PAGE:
10. The irony in some of this discussion is that the outputs of the existing BCR methodology have been happily used by many here to criticise the RONS, while the government of that day leaned more on its planning rationale of intended network function and resilience.

    Just saying.

    Travel time predictability and reliability are intuitively more useful things than straight time savings.

    Lack of predictability and reliability lead people to build in greater margins. Because of employer power, that usually means any time saving benefit on the way to work goes to the employer, while any additional time cost on the way home comes from private time: so forced choices and losses at both ends for the individual.

    If time savings are to continue to be used, a great deal more sophistication is needed. Two thoughts:

    A. Perhaps, there should be differentiation according to average individual time saving – i.e. not a linear escalation per second or minute, but recognition that some individual savings (less than a minute?) are basically useless, on average, individually and in aggregate, whereas others take on progressively greater value (more than 5 minutes?)…

    B. Similarly, perhaps there should be differentiation according to socio-economic status, with value applied on a decay curve that privileges the time of lower income persons/households/neighbourhoods. Why them? Two reasons:

    (1) time use has greater existential significance at the poorer end since more of it is consumed producing the basics;

    (2) higher income people with higher hourly rates of return also have more options for using their time, including flexi-time, working remotely, and being driven while working, for example.

    Neither A nor B is beyond the ability of contemporary modelling to handle. B already has a huge body of comparative deprivation analysis to work off, some of which has already been put into scales to support income support rate analysis and setting and can be run using Census household data.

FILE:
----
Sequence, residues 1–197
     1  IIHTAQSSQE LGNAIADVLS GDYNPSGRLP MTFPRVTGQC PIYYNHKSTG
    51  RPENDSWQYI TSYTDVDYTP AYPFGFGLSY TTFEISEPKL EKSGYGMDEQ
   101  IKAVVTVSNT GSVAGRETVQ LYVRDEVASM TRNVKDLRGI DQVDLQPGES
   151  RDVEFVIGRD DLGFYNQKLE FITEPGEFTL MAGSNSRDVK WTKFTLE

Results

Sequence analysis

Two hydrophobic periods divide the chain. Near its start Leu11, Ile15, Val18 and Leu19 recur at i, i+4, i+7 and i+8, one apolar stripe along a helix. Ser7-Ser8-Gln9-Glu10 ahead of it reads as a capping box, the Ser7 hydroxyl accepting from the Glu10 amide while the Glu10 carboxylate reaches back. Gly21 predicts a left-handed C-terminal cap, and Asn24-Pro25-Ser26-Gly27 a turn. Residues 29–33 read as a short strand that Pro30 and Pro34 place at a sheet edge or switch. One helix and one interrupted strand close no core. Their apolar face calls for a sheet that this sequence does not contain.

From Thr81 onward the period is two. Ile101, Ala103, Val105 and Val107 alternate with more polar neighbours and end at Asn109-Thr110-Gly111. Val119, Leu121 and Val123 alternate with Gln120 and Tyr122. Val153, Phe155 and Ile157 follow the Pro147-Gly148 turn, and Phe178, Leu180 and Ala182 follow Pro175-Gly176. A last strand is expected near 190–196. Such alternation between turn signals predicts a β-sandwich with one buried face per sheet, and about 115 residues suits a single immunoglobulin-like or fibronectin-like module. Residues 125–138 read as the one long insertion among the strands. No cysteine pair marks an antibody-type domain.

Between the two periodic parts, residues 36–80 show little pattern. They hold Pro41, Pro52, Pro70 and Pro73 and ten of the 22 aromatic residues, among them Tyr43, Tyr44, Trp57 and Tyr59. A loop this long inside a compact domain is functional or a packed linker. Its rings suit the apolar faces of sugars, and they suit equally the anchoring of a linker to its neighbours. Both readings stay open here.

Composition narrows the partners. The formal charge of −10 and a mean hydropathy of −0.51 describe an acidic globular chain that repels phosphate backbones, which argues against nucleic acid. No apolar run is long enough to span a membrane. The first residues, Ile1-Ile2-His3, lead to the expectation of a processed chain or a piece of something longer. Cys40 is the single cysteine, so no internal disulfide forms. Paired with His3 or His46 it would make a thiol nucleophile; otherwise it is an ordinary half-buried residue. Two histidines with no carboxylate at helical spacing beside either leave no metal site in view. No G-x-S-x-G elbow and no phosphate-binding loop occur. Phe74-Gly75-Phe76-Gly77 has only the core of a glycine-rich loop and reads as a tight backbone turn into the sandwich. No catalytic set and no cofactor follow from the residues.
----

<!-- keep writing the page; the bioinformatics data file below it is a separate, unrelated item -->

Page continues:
1. These could be useful additions, but since the modellers don’t get the basics right, I am worried about the complexity these additions would bring. The more complex the model, the more the experts are the only ones who know how it works. This has excluded understanding amongst public, politicians and even NZTA and AT staff. I note that a submitter who raised valid concerns at the BOI for the WC (and whose predictions have been borne out) had his concerns dismissed:

      “although apparently researched with care, we need to remember [X]’s lack of specialist qualifications”…

      1. It can get even worse: One person commenting on a highway project in Oregon (US) was actually prosecuted for the unlicenced practice of engineering, since he was not a registered professional engineer.

      2. True. I know from my own work how hard it is to get given the time to develop complex ideas well enough to be able to present them simply and clearly for non-experts.

        I guess the dream is that we pare out enough of the unhelpful projects so that governors have a clear view on the important ones. Then they can require and encourage the experts to develop the decision-support material using better models and taking the time to develop digestable explanations.